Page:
Exhibited is Martyrdom of Saint Acacius and the Ten Thousand (1529-30), Bronzino’s variation of his master’s painting of the same period, which was derived from a design Pontormo had made for a commission of 1521-2. The idea of originality and plagiarism was a complex one. During this period the transmission of figures, details and layouts through pattern books – shared by master and pupils and later passed down to other painters – as an example of the artisan creator in the manual arts, was being supplemented by the jealous guarding of prerogative of the artist as creator in the liberal arts, where artists began to guard their intellectual property. Dürer went to Venice (in part) to curb the activity of a copyist using his designs and Michelangelo was furious that his unfinished Sistine Ceiling was seen by Raphael, who incorporated Michelangelo’s innovations into his own frescoes. Yet shortly after Michelangelo made designs specifically for Sebastiano del Piombo to paint in competition with Raphael. Artists could be generous or stingy towards artists outside of their workshop.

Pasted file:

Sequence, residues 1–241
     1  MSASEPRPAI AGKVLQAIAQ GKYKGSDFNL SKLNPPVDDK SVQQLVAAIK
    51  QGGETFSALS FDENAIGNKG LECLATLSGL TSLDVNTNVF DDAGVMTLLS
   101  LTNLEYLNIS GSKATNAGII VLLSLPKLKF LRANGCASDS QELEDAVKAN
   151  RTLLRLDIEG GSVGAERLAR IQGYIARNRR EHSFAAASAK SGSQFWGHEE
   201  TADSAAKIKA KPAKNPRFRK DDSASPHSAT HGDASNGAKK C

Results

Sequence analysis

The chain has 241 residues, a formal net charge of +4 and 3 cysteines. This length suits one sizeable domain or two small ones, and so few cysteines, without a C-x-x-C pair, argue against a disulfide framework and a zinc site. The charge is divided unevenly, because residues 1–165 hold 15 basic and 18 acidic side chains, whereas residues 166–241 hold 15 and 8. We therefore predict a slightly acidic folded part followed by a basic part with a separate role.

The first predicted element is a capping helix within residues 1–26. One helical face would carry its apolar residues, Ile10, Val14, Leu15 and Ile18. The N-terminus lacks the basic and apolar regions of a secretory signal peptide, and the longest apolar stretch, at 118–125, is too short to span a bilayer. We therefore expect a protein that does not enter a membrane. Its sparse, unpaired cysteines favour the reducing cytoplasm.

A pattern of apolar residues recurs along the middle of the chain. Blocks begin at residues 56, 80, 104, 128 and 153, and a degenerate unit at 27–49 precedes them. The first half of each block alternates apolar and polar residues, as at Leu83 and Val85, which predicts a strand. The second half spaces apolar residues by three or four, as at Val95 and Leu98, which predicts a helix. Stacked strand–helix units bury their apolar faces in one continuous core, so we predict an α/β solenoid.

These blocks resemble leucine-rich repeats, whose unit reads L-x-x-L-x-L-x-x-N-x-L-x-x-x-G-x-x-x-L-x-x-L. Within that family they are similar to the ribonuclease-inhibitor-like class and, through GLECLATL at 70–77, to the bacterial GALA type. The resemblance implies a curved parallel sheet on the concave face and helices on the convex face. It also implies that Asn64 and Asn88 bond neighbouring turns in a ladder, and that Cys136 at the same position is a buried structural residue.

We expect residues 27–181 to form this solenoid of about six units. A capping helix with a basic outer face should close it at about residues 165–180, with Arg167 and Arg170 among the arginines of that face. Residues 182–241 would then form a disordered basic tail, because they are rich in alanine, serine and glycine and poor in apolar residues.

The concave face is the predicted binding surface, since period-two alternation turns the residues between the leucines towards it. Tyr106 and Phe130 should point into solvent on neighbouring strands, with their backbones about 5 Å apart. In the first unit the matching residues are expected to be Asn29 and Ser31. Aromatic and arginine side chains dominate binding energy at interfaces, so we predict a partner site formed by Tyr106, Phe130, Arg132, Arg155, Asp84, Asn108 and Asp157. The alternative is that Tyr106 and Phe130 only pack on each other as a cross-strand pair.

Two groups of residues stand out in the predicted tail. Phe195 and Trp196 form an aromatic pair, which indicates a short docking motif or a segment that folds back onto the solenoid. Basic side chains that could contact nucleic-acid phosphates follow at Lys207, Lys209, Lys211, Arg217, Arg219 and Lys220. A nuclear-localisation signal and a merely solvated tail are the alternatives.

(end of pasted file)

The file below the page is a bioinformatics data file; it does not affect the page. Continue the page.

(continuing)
There is a long essay on the Visitation and shorter essays on its restoration history and discoveries of new technical analyses. The results of visual analysis allow us to understand that creation process, showing underpainting and underdrawing. Restoration data is given in the information for the paintings. We shall see if this takes off in future catalogues. Such information is often kept confidential, not least due to some terribly destructive restorations. The footnotes are of heroic extensiveness and will be a mine for future researchers. For even an average reader, such long and thorough notes are an absorbing diversion. The catalogue illustrates the paintings and drawings and there is an index and bibliography. This book will be of value to anyone wanting to understand the Late Renaissance in Florence, Mannerism and the careers of Pontormo and Bronzino.


Bruce Edelstein and Davide Gasparotto (eds.), Miraculous Encounters: Pontormo from Drawing to Painting, J. Paul Getty Museum, 11 September 2018, hardback, 160pp, 60 col. illus., $40, ISBN 978 1 60606 589 1


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© 2018 Alexander Adams